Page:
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Chronic Absence

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Attendance in school matters because kids need to be in school to learn. Children who miss 10 percent or more of the days they should be in school—for any reason—are considered chronically absent. Children who are chronically absent from school are at risk of falling behind, which can hurt their chances of success in school and in careers they pursue as adults.

Negative effects of chronic absence begin as early as preschool and grow over time as absences accumulate. Chronically absent students are less likely to be proficient in reading by the end of third grade. Chronic absence is particularly acute among students from low-income families, potentially creating lifetime gaps in achievement and opportunity. Students with significant health needs also may suffer the effects of chronic absence.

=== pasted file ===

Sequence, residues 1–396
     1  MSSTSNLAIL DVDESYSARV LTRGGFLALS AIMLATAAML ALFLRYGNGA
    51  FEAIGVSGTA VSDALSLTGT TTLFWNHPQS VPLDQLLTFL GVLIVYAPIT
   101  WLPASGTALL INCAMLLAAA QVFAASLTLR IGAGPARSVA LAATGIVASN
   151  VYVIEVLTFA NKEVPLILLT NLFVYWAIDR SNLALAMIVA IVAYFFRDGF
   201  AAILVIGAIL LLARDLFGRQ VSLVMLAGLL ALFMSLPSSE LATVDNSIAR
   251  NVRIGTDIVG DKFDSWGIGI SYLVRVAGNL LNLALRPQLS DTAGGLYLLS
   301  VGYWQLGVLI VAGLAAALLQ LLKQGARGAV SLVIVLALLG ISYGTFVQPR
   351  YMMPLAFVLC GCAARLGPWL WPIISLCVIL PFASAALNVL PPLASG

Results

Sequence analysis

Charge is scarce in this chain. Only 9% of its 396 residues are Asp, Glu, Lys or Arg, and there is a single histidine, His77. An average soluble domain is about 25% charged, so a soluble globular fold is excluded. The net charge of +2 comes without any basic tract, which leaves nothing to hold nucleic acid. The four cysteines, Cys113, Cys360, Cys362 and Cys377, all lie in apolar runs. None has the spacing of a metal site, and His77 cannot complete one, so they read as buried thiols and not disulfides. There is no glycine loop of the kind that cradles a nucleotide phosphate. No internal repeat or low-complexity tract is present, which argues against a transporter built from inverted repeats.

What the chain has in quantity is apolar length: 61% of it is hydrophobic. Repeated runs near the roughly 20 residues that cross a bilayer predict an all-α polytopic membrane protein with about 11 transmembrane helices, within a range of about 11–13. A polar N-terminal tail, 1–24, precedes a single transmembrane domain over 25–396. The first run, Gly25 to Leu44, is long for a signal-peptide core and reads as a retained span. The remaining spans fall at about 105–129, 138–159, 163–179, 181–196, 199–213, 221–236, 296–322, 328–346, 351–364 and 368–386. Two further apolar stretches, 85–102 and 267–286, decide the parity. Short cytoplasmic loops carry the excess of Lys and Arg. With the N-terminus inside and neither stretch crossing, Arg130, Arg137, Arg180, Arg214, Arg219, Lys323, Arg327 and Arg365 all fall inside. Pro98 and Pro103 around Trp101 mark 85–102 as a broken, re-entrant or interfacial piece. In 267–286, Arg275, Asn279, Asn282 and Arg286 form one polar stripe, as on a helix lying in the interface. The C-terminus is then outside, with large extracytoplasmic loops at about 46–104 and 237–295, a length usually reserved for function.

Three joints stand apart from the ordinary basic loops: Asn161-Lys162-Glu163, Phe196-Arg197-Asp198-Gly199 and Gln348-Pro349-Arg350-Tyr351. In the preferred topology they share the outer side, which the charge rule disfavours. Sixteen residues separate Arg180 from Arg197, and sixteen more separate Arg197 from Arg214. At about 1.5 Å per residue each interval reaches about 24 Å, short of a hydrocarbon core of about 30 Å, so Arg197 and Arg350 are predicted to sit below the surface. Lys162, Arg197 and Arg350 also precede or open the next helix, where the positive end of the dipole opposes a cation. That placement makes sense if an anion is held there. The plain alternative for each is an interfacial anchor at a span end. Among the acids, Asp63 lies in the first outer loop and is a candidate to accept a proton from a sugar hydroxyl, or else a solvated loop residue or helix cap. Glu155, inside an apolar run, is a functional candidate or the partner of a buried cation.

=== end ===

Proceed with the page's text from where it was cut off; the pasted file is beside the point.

In Iowa, members of a state advisory council in 2016 approved recommendations to help school districts and communities improve the attendance of chronically absent students. An average of 8.3 percent of Iowa public school students were chronically absent in the 2015–2016 school year. That compares to 14 percent nationally.

Schools and communities can combat chronic absence by joining forces to use data to support students who are at risk for chronic absence.

Current Data


Best Practices in Reducing Chronic Absence – Profiles of four Iowa school districts working to encourage attendance.

Iowa Campaign for Grade Level Reading – Iowa communities working to align school and community partners in the effort to ensure students read proficiently by the end of third grade. One main focus is school attendance.  

Attendance Works – A national resource for data tools, research, family and community involvement, policy, and communication.


Iowa Highlights in the Media - A compilation of news articles about Iowa schools.

Printed from the Iowa Department of Education website on September 30, 2022 at 2:05pm.